Don’t Be Surprised By “Unexpected” Long Term Care Expenses.
March 15, 2013
By Rick Law. Senior Estate Planner in Chicago, IL
As much as we all hate to admit it, there will come a time when it is likely that we will need assistance in doing even some of the most basic daily living activities. In fact, in many cases, clients can more easily come to grips with concept of mortality or death than they can about their own need for care – especially if that care involves long-term care or nursing home aspects.
It is at this stage that a picture must be painted in the client’s mind as to what could happen- not just physically, but financially – if a need for care should arise. And the odds are very much in everyone’s favor that at some point in the future, that need will arise.
The phrase “long-term care” can mean many things, but the term can generally be defined as “the variety of services necessary for someone who requires some form of daily, ongoing assistance.”
The needs of an individual can range from needing around-the-clock care to someone who simply needs help performing the basic daily living activities such as getting dressed or bathing.
Long-term care can be divided into various levels. These include:
- Skilled care – This type of care is considered to be medically necessary due to a physical or mental impairment.
- Custodial care – Custodial care is defined as receiving assistance with meeting daily living requirements.
Impairments that require the need for long-term care can be broken down into three types. These are:
- Acute impairments – An acute impairment is a medical condition such as an accident-related injury, pneumonia or a heart attack that strikes suddenly, but from which the individual may fully recover with the proper medical attention.
- Physical Impairment – A physical impairment is a treatable, but not typically curable, chronic condition. Common examples include emphysema, arthritis, diabetes, heart disease, and hypertension.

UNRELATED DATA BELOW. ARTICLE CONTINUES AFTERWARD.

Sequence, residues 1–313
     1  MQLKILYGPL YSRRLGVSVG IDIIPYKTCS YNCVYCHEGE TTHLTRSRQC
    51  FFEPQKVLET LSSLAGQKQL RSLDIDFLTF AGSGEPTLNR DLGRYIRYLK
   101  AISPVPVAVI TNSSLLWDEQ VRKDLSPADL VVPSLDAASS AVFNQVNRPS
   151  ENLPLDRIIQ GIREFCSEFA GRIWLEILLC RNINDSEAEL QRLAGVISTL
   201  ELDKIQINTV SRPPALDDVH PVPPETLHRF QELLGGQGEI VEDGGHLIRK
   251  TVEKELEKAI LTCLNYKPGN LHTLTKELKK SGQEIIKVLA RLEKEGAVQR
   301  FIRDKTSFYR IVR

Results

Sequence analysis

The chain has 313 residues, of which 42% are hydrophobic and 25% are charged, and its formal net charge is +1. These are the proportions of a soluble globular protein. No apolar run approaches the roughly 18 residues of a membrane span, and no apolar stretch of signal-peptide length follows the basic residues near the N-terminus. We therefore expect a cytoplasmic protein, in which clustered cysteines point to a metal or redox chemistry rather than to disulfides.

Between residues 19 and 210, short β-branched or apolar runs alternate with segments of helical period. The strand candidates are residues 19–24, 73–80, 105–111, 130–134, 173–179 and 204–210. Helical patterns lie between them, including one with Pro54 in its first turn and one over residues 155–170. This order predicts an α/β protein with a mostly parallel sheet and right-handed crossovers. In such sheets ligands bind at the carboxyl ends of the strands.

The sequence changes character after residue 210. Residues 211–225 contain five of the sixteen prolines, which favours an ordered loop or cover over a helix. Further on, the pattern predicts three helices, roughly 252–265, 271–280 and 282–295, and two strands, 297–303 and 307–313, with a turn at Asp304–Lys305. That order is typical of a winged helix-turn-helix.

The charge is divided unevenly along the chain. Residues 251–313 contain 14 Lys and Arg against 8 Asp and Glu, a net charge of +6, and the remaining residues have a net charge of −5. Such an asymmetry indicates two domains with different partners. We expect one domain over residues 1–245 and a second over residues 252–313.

- Cognitive Impairment – Cognitive impairments are generally defined as a deterioration or loss of intellectual capacity as certified by a licensed healthcare practitioner, measured by clinical evidence and standardized tests.
Often, when a medical professional is qualifying an individual for a long-term care need, they will make a determination based on the person’s ability – or inability – to perform various “activities of daily living,” or ADLs.
The list of ADLs includes dressing, bathing, toileting, continence, transferring (from bed to chair) and eating (the ability to feed oneself).
Although many people think only of skilled care when they hear the phrase “long-term care,” it is important to remember that in reality, long-term care encompasses a wide array of medical, social, personal, supportive and specialized housing services that
are needed by individuals who have lost some capacity for self-care due to a chronic illness or a disabling condition.
It is also important to note that the goal of long-term care is not to cure an illness or condition, but rather to allow an individual the ability to attain and to maintain an optimal level of day-to-day functioning.
If you’re ready to start getting your estate in order and secure your assets for the “worst-case” scenario, please give our office a call at 800-310-3100. Your first consultation is absolutely free. We’ll let you know what steps you need to take, right now, to protect yourself and your family. Call now.
Rick L. Law, Attorney, Estate Planner for Retirees.
Rick was named the #1 Illinois elder law estate planning attorney by Leading Lawyer Magazine. He has been quoted in the Wall Street Journal, AARP Magazine, TheStreet.com, and numerous newspapers and articles. Rick is the lead attorney for Law Elder Law, LLP, focusing in Estate Planning, Guardianship, and Nursing Home Solutions. His goal is to give retirees an informed edge when it comes to dealing with an uncertain future. Get flexible retirement strategies that work during good times and bad, plus information on how you can save your home and assets from being used to pay for long term care. Appointments available in Chicago, Aurora, Oak Brook, Schaumburg, and Joliet. Call 800-310-3100 for your free consultation now!